Roatan Bay Islands, Honduras:
Airports: (Airport Code SAP): The main International Airport in Honduras is San Pedro Sula. International flights to/from Tegucigalpa and San Pedro Sula operate daily to/from USA airports of Miami (American Airlines) and Houston (Continental Airlines) To avoid complications in connecting flights, international visitors to Utila tend to fly to San Pedro Sula and then take the connecting flight via La Ceiba to Utila.
Roatan Island Airport (RTB) has direct flights from several US locations
Currency: The official currency of Honduras is the Lempira. U.S. Dollar banknotes can be used in place of the Lempira, with the local stores and businesses usually giving exchange rates at the same (or sometimes better) than the local Honduran banks, and without charging exchange commissions.
Climate: The average annual temperature is 85°F (29°C), and ranges from the upper 80′s during the Summer months and the low 80′s during the Winter months (November – February).
Water Temperature: The off-shore sea temperatures surrounding the tropical islands of Utila and Roatan normally vary between 27°C – 31°C (81°F – 88°F), providing a very pleasant all year-round swimming, snorkelling and scuba diving environment.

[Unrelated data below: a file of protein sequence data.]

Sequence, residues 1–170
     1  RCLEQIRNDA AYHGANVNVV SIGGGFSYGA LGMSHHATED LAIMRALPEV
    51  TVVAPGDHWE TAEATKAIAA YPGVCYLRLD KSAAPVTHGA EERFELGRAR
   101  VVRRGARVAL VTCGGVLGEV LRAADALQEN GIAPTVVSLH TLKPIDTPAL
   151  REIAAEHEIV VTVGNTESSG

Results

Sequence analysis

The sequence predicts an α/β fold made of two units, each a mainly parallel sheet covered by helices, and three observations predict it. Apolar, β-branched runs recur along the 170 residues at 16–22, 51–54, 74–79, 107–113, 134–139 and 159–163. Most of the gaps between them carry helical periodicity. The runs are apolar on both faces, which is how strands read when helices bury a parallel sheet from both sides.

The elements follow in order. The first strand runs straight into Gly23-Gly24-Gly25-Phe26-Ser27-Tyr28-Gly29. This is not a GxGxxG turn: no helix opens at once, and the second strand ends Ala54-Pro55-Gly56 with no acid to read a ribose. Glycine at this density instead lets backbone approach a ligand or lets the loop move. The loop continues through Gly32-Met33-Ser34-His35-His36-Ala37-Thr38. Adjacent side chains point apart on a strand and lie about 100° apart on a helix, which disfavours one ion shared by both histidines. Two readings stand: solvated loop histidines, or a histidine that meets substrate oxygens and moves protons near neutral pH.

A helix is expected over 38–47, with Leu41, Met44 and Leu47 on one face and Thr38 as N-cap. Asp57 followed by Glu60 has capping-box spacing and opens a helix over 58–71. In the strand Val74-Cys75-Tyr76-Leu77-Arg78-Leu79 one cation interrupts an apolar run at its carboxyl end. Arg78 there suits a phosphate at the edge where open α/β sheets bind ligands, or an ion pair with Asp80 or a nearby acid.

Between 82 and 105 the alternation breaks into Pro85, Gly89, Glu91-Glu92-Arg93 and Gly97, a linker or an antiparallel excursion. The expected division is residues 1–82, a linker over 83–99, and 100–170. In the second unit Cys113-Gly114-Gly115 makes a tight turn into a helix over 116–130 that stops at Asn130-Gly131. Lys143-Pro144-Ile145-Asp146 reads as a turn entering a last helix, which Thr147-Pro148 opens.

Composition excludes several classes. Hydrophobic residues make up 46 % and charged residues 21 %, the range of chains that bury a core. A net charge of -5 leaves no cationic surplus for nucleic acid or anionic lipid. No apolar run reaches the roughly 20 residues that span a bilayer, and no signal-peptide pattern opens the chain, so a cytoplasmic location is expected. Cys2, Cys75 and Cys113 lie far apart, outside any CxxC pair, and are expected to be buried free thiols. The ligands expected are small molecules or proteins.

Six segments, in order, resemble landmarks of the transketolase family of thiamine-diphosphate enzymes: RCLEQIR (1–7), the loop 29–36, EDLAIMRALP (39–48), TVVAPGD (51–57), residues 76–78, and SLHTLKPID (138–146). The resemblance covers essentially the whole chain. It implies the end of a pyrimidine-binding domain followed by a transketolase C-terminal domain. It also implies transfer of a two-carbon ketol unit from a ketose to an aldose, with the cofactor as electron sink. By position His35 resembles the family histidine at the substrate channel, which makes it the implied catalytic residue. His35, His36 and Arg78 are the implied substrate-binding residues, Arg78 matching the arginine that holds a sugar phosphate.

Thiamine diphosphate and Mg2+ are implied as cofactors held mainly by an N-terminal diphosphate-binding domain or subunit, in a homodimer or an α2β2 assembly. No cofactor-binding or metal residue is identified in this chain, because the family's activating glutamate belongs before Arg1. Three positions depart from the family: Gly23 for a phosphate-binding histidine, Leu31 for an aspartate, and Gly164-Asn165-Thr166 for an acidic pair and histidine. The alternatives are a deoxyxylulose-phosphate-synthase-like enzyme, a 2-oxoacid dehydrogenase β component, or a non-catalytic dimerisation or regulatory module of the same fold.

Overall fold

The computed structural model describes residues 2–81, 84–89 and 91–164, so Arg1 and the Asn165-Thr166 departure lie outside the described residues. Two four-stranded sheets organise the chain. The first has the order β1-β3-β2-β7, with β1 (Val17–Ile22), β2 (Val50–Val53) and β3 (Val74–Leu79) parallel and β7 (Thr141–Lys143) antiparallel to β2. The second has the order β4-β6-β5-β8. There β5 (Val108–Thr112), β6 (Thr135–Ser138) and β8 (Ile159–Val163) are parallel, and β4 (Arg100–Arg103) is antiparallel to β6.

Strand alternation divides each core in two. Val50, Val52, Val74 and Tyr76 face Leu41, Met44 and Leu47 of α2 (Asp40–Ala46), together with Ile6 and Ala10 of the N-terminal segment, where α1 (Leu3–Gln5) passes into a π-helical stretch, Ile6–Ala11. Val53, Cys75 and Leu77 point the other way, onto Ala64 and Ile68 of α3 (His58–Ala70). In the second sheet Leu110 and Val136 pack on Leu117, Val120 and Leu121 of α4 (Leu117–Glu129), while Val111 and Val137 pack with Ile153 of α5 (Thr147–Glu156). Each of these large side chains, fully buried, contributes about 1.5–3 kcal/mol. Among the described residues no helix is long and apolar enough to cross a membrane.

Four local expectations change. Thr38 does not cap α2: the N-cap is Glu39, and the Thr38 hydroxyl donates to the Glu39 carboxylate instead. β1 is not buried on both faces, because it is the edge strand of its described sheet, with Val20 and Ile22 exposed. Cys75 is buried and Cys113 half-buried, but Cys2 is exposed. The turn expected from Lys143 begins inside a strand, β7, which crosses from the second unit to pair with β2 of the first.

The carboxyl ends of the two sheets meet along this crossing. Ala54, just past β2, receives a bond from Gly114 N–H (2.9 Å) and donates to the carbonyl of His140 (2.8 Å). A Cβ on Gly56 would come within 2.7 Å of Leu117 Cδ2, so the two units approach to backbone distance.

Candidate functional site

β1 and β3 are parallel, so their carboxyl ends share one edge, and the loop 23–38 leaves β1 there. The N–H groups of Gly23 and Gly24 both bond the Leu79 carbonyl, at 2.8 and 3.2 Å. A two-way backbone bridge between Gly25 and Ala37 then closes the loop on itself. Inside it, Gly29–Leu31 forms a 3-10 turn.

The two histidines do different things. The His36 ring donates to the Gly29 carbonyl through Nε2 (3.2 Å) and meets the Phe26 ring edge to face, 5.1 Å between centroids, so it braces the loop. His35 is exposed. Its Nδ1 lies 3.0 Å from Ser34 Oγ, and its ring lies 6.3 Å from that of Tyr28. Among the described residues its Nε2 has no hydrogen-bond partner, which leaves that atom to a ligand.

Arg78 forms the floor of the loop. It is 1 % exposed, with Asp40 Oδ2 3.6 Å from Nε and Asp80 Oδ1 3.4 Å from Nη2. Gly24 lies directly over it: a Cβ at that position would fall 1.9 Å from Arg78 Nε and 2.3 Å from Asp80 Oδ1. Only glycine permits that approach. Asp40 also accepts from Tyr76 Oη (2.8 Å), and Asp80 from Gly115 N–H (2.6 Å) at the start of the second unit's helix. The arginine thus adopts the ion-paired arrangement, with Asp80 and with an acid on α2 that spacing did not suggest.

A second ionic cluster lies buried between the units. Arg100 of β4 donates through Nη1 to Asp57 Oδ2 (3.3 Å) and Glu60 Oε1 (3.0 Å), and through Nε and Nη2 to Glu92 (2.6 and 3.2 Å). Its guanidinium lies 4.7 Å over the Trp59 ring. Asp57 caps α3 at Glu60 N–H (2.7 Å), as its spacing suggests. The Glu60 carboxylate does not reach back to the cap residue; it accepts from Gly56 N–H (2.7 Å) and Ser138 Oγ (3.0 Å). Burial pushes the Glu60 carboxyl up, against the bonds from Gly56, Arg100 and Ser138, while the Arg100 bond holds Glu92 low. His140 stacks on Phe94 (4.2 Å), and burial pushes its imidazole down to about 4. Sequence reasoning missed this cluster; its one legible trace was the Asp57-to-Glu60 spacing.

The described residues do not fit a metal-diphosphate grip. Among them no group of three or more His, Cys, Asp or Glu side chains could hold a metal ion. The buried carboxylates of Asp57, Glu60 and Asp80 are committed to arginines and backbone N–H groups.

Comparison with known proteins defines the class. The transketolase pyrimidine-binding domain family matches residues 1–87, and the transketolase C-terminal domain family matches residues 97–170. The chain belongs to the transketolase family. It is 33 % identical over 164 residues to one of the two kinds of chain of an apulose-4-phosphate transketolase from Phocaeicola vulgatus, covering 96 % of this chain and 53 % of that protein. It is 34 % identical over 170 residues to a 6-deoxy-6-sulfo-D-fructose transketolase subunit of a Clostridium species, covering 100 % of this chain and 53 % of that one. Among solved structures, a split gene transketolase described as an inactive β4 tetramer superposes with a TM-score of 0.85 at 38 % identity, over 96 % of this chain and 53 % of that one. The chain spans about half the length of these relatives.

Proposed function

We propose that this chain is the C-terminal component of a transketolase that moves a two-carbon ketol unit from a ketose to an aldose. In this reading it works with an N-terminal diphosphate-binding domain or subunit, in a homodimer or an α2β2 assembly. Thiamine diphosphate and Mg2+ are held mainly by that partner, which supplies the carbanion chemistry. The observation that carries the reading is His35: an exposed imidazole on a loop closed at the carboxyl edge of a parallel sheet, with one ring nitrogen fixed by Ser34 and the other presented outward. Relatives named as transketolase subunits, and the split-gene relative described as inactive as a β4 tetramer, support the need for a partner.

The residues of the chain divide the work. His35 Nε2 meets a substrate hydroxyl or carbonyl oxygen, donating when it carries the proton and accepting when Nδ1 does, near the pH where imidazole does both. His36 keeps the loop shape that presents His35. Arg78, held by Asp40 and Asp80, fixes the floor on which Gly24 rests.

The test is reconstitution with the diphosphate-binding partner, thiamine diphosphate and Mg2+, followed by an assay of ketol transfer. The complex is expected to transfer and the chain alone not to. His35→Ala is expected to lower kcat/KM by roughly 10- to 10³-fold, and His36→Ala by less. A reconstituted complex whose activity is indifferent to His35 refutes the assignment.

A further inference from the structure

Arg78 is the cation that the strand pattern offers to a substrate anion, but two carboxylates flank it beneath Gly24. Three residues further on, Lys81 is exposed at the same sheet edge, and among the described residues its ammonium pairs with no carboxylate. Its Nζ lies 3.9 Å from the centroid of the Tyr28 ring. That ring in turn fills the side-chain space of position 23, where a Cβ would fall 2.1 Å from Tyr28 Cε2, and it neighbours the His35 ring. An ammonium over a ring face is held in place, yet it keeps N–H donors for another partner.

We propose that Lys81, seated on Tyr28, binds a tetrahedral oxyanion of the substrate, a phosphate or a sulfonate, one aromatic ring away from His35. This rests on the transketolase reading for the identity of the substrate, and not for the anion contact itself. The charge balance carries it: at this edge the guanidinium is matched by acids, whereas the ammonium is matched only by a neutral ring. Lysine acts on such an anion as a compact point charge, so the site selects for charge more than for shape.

Language: Roatán and Utila offer convenient tourism services and are attracting many North American and European expatriates. Spanish may be the official language of Honduras and English might be rarely spoken in inland Honduras, but on Bay Islands you will have no problem getting by with English.
Popular Dive Sites at Roatan Honduras:
|Calvin’s Crack||A plateau atop a shallow reef facing a wall, Calvin’s Crack runs through the reef along narrows, widening to an exit along the outer wall.
|Spooky Channel||This diving site is a little deeper, a former river valley formed this channel which opens to the barrier reef at 100 feet with a cathedral-like scenario. The side walls of the channel rise up to almost touch each other but still allow light to illuminate your way.
|Barbareta Wall||3 miles offshore from Roatan, the uninhabited, hilly island of Barbareta offers undiscovered reefs replete with coral gardens, a dramatic mile-long wall, while the island is framed by white sandy beaches and coves; the wall is a continuous drop-off that usually offers great pelagic encounters.
|West End Wall||A spectacular precipice borders a deep blue abyss, with pillar corals, Azure Vase Sponges and barrel sponges, while in the deeper water divers are likely to find themselves among schools of pelagics and Eagle Rays.
|Enchanted Forest and Insidious Reef||West of Romeo’s Resort, these two dives are part of a larger reef associated with an offshore bank. The drop-off begins from a series of rolling reefs that drop to 70′ – 80′, with Creole Wrasse and groupers in abundance among the diverse sponge and coral growth.
|Connie’s Dream||3-min from Romeo’s Resort, this sloping drop-off provides tube and vase sponges among both red and purple tube sponges, while a seemingly endless system of tall coral heads and deep sand channels fall into the abyss.
|Doc’s Elbow||Directly in front of the entrance channel to Brick Bay Resort, this popular night dive provides divers with a variety of life, including octopus, reef crabs and lobsters. A short swim leads divers to the wall.